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The Royal British Legion and Poppyscotland are asking communities across the country to 'Remember Together' in tribute to the service, friendship and collaboration of the men and women of Britain, the Commonwealth and the Allied nations who fought together throughout the Second World War.

At the heart of the 'Remember Together' campaign is a series of stories that celebrate the men and women of many nations that fought together in the build-up to D-Day 75 years ago. They highlight the collaboration between the Allied nations and the Commonwealth across key events before, during and after the Second World War.


After declaring war against the British Empire in December 1941, the Japanese Imperial Army won a series of victories in Britain's South East Asian colonies forcing the British armies to retreat into Northern British India.

In 1943, a force of British, pre-partition Indian, Gurkha, and African troops was assembled, eventually becoming the 14^th^ army. At the core of this multi-cultural, multi-national force was the British-Indian army, the largest volunteer army in history, a force of 2.5 million men at its height.

Under the command of General William Slim, the 14^th^ army was preparing to go on the offensive in Burma, when Japan launched an attack on India. Towards the end of March 1944, over 15,000 soldiers of the Japanese Imperial Army surrounded a British and Indian garrison of 2,500 men in Kohima.

In some of the fiercest close quarters fighting of the Second World War, the garrison held on until April 18^th^ when a relief column broke the Japanese line and relieved the besieged British and Indian troops.


Although the siege at Kohima was broken, fighting continued until the Allied forces were able to link with forces at Imphal. British and Indian troops had been besieged at Imphal since April 5th, but relief forces had fought their way through by mid-May and by June 22nd had been completely relieved.

The besieged units were able to carry on fighting thanks to a unique system of resupply, relying heavily of supply missions flown by the RAF who dropped nearly 19,000 tons of supplies, over 12,000 men and evacuated around 13,000 casualties.

The success of the resupply missions - named the 'Box' system after a previous battle where the approach was used - alongside the courage and determination of the 14^th^ Army dealt the Japanese Imperial Army the worst defeat in its history. Of the 85,000 Japanese troops that entered the battles, 53,000 were killed or declared missing. The 14th Army suffered nearly 17,000 casualties.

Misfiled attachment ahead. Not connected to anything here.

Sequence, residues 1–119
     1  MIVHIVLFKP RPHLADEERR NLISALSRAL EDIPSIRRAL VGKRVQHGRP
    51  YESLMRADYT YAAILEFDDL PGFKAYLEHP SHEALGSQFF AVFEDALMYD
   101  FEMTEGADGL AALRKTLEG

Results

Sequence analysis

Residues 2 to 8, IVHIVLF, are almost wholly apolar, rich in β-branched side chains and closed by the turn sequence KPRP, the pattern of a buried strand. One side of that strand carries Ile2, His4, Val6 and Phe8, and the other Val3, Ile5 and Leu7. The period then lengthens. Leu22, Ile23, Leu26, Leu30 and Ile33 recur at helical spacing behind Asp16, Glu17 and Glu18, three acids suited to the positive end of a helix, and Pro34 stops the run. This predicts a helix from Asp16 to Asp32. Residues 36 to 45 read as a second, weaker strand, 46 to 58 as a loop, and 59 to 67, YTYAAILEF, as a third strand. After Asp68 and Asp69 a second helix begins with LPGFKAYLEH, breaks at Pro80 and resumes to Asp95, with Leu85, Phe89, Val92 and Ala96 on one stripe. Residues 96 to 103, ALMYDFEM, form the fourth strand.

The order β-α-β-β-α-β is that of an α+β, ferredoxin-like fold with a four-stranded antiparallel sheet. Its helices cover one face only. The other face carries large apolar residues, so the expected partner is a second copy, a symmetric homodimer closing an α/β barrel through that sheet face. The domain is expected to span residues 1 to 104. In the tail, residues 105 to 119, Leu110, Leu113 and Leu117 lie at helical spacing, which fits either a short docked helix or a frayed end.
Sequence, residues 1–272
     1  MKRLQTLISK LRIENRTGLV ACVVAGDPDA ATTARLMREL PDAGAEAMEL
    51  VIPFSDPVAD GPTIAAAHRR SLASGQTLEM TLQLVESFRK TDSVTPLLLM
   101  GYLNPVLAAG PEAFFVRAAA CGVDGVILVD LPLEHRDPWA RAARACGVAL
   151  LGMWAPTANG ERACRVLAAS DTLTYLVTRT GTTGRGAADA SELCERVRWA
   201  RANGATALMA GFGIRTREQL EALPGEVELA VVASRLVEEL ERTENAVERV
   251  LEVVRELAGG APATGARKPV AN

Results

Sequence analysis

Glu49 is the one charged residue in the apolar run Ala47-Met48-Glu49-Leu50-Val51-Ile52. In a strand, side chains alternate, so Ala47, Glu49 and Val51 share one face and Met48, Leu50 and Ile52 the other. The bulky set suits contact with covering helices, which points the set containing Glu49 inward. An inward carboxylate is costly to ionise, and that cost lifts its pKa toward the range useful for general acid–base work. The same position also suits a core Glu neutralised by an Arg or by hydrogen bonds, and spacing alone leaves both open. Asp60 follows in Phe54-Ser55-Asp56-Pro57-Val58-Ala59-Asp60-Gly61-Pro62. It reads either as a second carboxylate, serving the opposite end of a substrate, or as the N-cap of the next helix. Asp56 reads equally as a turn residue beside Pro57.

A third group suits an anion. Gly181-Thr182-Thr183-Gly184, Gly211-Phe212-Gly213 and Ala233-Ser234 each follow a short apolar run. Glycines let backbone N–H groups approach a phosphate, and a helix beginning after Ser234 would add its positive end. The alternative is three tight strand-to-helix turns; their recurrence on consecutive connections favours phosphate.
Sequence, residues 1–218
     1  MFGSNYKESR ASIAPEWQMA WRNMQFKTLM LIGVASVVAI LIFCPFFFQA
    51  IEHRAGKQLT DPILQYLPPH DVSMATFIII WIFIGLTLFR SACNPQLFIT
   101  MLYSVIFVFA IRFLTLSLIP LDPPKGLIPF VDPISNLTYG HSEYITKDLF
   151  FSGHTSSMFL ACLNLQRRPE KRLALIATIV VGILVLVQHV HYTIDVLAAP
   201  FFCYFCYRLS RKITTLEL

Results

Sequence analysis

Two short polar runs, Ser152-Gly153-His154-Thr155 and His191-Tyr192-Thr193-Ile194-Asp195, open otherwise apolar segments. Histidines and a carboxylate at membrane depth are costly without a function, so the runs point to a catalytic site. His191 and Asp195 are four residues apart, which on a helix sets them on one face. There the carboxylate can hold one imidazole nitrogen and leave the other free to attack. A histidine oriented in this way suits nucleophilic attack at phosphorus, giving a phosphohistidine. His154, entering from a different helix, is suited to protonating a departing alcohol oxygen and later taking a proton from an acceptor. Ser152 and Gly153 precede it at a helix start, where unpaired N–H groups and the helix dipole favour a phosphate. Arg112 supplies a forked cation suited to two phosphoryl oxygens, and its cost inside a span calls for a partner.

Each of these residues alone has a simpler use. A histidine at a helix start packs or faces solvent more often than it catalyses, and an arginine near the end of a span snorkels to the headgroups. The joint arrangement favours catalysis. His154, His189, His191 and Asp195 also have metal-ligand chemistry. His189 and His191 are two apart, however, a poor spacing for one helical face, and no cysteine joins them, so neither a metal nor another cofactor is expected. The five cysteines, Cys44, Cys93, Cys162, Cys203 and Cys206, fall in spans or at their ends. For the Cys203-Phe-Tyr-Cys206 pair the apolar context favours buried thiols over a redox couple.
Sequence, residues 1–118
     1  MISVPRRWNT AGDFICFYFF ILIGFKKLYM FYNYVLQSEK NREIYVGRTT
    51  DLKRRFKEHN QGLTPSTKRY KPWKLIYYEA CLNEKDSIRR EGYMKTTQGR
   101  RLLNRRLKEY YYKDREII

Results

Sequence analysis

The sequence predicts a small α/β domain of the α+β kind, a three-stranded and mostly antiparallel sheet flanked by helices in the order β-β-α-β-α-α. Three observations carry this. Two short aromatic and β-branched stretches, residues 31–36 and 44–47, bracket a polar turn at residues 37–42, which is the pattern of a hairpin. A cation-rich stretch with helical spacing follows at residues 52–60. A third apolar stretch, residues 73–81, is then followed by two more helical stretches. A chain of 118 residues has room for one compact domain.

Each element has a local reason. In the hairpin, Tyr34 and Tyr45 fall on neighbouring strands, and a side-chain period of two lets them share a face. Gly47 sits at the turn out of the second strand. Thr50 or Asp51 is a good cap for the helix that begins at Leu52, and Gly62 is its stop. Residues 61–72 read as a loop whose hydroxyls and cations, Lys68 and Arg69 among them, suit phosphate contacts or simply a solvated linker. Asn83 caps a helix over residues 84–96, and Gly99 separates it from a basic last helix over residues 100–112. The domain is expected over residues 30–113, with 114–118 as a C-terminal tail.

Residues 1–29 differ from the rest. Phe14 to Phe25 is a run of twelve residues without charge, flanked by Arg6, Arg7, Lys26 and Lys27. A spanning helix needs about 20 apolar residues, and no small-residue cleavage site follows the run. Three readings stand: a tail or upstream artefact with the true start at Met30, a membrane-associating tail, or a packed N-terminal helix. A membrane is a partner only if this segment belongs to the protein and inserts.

The Stories of Kohima and Imphal

The stories told by the men who fought at Kohima and Imphal are stories of ferocious attacks, hand-to-hand fighting, treating the wounded under fire, with nowhere to evacuate casualties to, and relief at reinforcements finally arriving.

The battles of Kohima and Imphal changed the course of the war in South East Asia. Arguably the greatest British led victory of the war, the triumph destroyed any belief in the invincibility of the Japanese Imperial Army. The 14th Army went on to win victory after victory.

Totalling almost one million personnel by May 1945, the 14th Army had become the largest army in the Commonwealth. It had retaken much of Burma and was readying to retake Malaya and Singapore before the Japanese surrendered after atomic bombs were dropped on Hiroshima and Nagasaki.

Our fundraising partnership

This year is the fourth year of Golden Charter's fundraising partnership with The Royal British Legion and its sister organisation, Poppyscotland.

Suzanne Grahame, Golden Charter CEO, said: "Over the past three years, we have raised over £280,000 for the Armed Forces community with the help of our network of independent funeral directors. There is no better way to honour all of those who have served and continue to serve in the Armed Forces than to support the transformative work of The Royal British Legion, which is improving the lives of servicemen and woman every day."

A £25 donation will be made to The Royal British Legion or Poppyscotland for every eligible funeral plan sold by Golden Charter or any of our network of over 2,900 independent funeral directors across.

All funds raised by The Royal British Legion and Poppyscotland will help provide valuable support for the Armed Forces community - including veterans, serving men and women and their families.

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Find out more about how you can plan for your funeral with one of the funeral directors in our network.